Until recently, the weather during our stay in Palermo had been uncommonly pleasant. But luck never lasts and, eventually, the rains and cold came. The day we chose for our visit to Cefalù was unpredictable, with clear blue skies suddenly giving way to thunderstorms. Secretly, Jürgen and I both wanted to postpone the trip, but neither wanted to be the wimp that suggested it. And so, full of pride and regret, we hopped on the train to Cefalù.
Cefalù numbers just 13,000, but its population balloons in the summer. The town is one of Sicily’s finest beach resorts and attracts sunbathers from all over Italy and Europe. From what we’ve heard, it’s unbearable when crowded. And although we found the streets empty in December, the emphasis on tourism was abundantly clear. €3 cappuccinos and stores hawking magnets and postcards to phantoms.
Cefalù is most memorable for the giant rock which flanks it. Throwing its massive shadow over the old town, La Rocca juts up vertically alongside Cefalù, and is crowned with the ruins of the Greek Temple of Diana. We had a good view of La Rocca from the beach, where we started our visit. With soft, golden sand, the beach is the reason for Cefalù’s summertime popularity, but was difficult to enjoy in the freezing rain.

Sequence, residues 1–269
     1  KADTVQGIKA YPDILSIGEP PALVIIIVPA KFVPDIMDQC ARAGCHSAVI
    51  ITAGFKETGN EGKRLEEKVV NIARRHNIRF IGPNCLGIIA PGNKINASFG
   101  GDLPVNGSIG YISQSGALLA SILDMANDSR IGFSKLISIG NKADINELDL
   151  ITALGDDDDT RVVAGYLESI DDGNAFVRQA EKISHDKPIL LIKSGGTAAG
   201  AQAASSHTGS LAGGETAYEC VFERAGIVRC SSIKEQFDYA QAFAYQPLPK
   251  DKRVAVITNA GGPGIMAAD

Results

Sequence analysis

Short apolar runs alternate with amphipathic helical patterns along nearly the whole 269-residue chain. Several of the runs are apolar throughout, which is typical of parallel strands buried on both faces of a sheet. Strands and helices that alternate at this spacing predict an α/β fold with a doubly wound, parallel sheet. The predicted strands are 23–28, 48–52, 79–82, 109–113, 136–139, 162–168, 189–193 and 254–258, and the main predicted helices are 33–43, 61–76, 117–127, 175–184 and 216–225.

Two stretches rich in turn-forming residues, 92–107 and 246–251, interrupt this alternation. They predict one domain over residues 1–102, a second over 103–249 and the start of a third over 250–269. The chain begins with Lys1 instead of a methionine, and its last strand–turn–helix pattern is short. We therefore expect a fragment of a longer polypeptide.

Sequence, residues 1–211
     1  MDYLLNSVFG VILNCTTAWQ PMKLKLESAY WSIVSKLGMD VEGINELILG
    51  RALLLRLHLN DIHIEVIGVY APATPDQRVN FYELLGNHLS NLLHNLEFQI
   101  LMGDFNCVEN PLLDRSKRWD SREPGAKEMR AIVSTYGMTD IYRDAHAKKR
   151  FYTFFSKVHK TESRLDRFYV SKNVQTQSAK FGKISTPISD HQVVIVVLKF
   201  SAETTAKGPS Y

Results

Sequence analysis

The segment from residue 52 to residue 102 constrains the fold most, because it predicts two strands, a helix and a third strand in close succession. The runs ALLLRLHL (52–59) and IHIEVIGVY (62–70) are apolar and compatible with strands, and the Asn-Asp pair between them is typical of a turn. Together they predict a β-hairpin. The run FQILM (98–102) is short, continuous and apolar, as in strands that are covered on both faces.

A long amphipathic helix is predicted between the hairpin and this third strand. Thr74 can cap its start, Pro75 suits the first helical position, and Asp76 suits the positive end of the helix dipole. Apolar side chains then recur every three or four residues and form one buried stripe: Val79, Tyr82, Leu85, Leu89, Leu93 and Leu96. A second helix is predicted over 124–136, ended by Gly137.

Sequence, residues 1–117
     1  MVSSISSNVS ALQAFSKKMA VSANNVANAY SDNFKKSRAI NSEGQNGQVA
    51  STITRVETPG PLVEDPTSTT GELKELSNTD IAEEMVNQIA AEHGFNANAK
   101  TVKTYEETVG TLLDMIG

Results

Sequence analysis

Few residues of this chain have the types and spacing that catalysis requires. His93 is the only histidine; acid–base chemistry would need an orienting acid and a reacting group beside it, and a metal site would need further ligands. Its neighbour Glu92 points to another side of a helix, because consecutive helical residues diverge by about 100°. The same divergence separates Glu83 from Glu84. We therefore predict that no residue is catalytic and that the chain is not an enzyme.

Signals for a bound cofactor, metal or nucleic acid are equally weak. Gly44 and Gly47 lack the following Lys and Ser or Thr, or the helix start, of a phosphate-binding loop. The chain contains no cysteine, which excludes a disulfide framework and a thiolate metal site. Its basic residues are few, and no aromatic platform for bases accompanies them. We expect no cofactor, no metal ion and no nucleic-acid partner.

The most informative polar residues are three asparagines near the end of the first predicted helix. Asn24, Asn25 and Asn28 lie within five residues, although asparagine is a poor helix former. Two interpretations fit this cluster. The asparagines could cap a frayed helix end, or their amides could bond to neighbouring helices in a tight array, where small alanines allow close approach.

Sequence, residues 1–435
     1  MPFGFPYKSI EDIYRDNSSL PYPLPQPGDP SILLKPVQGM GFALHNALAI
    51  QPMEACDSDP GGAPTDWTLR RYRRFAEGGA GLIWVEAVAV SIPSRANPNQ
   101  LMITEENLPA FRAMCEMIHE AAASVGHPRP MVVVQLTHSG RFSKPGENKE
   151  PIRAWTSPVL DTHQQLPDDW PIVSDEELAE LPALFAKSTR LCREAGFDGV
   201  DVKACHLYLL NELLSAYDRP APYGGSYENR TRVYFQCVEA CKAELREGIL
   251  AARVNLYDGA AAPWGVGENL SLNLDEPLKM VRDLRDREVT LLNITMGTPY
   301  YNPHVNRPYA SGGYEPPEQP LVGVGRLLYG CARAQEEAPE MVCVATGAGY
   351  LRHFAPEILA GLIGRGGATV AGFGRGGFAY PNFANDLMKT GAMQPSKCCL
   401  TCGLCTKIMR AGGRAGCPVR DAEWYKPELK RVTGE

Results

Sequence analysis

Soon enough, we left the beach to seek shelter in the city’s cathedral. The Duomo is reminiscent of Monreale’s, built in the same century (12th) by the same king (Roger II). And, like Monreale’s cathedral, it features original Byzantine mosaics; actually older, though somewhat less impressive. Another similarity is the presence of a square cloister, filled with columns that depict biblical scenes.
The Cathedral and the beach are great, but we most enjoyed ambling about Cefalù’s ancient streets, which date from Roman times. Even in the rain, or perhaps especially because of it, the town, with its curvy alleys and stunning natural location, exudes a natural charm. We went north until finding the belvedere, which faces the sea. There, we found a path which runs along the stones, following the ancient Greek walls, and foolishly decided to walk it. I mean, we knew there were huge waves crashing violently against the rocks. We could see them! I don’t know, we were bored or feeling adventurous, but minutes after embarking on this ill-advised trek, we got trapped between rocks and smashed by a giant, unavoidable wave.
It didn’t matter much, because we were already drenched from the rain, but this final shower put an end to our day, and we stomped back to the train station. Still, we had enjoyed the day out. It’d be interesting to see how Cefalù changes in the summer, but if you have the chance, it’s definitely worth a look in the low-season as well. A nice little escape, just an hour by train from Palermo.